Monday, 27th. P.M., Gentle breezes Easterly, and Clear weather. At 3 passed the point of land afore-mentioned, which I have named Cape Brett in honour of Sir Piercy.* The land of this Cape is considerable higher than any part of the Adjacent Coast. At the very point of the Cape is a high round Hillock, and North-East by North, near one Mile from this is a small high Island or Rock with a hole pierced thro’ it like the Arch of a Bridge, and this was one reason why I gave the Cape the above name, because Piercy seem’d very proper for that of the Island. This Cape, or at least some part of it, is called by the Natives Motugogogo; latitude 35 degrees 10 minutes 30 seconds South, Longitude 185 degrees 25 minutes West. On the West side of Cape Brett is a large and pretty deep Bay† lying in South-West by West, in which there appear’d to be several small Islands. The point that forms the North-West entrance I have named Point Pocock; it lies West 1/4 North, 3 or 4 Leagues from Cape Brett. On the South-West side of this Bay we saw several Villages situated both on Islands and on the Main land, from whence came off to us several large Canoes full of People, but, like those that had been alongside before, would not Enter into a friendly Traffick with us, but would Cheat whenever they had an opportunity. The people in these Canoes made a very good appearance, being all stout well-made men, having their Hair — which was black — comb’d up and tied upon the Crown of their heads, and there stuck with white feathers; in each of the Canoes were 2 or 3 Chiefs, and the Habits of these were rather superior to any we had yet seen. The Cloth they wore was of the best sort, and cover’d on the outside with Dog Skins put on in such a manner as to look Agreeable enough to the Eye. Few of these people were Tattow’d or marked in the face, like those we have seen farther to the South, but several had their Backsides Tattow’d much in the same manner as the inhabitants of the Islands within the Tropics. In the Course of this day, that is this afternoon and Yesterday forenoon, we reckoned that we had not less than 400 or 500 of the Natives alongside and on board the ship, and in that time did not range above 6 or 8 Leagues of the Sea Coast, a strong proof that this part of the Country must be well inhabited. In the Evening, the Wind came to the Westward of North, and we Tack’d and stood off North-East until 11 o’Clock, when the wind coming more favourable we stood again to the Westward. At 8 a.m we were within a Mile of Groups of Islands lying close under the Mainland and North-West by West 1/2 West, distance 22 Miles from Cape Brett. Here we lay for near 2 Hours, having little or no wind. During this time several Canoes came off to the Ship, and 2 or 3 of them sold us some fish — Cavallys as they are called — which occasioned my giving the Islands the same name. After this some others began to Pelt us with Stones, and would not desist at the firing of 2 Musquet Balls thro’ one of their Boats; at last I was obliged to pepper 2 or 3 fellows with small Shott, after which they retir’d, and the wind coming at North-West we stood off to Sea. At Noon, Cavally Islands bore South-West by South, distant 4 Miles; Cape Brett South-East, distant 7 Leagues, and the Westermost land in sight, making like Islands, bore West by North; latitude in per Observation 34 degrees 55 minutes South.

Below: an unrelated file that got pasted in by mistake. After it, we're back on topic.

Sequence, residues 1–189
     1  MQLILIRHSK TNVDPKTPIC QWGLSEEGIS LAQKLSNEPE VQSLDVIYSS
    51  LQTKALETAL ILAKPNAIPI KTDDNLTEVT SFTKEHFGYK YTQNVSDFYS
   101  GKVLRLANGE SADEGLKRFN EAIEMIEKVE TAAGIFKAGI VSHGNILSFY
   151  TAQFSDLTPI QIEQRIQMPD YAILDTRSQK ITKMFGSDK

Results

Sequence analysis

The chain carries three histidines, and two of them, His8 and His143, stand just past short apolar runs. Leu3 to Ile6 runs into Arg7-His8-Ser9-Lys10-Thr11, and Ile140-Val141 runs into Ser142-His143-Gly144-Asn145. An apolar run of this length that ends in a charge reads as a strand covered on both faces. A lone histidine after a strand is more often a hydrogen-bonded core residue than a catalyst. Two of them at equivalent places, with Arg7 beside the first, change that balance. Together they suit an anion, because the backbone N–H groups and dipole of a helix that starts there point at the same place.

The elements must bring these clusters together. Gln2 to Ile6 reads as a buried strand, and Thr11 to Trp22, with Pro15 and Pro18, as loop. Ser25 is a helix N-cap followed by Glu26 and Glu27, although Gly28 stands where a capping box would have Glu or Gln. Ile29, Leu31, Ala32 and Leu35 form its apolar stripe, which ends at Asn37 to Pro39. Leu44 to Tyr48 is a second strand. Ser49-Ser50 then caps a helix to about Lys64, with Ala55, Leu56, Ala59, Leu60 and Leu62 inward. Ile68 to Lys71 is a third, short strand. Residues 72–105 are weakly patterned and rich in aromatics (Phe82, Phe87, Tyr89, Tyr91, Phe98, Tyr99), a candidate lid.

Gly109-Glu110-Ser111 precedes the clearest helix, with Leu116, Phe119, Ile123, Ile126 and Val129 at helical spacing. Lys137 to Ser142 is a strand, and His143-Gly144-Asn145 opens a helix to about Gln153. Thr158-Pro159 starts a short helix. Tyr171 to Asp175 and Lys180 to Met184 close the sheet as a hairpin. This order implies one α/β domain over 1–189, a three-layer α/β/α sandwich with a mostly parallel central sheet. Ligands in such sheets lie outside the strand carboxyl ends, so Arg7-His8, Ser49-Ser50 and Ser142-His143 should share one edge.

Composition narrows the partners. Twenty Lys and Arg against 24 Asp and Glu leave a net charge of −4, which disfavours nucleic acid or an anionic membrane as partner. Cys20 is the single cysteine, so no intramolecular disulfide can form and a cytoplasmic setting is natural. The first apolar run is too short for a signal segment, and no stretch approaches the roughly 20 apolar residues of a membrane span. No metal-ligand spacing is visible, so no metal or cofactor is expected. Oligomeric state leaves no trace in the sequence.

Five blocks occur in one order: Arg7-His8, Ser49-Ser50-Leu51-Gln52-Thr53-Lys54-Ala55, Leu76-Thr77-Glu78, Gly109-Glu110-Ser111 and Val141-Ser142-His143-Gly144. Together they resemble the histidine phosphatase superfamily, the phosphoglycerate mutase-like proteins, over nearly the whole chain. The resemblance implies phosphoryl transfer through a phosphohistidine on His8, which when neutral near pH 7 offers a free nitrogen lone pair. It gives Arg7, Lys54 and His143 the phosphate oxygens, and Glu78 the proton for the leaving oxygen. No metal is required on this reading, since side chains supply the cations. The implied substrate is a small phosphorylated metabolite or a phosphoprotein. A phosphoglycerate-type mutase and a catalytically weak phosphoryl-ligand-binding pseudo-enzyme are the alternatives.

(* Rear Admiral Sir Piercey Brett was one of the Lords of the Admiralty when the Endeavour sailed.)

(† The Bay of Islands.)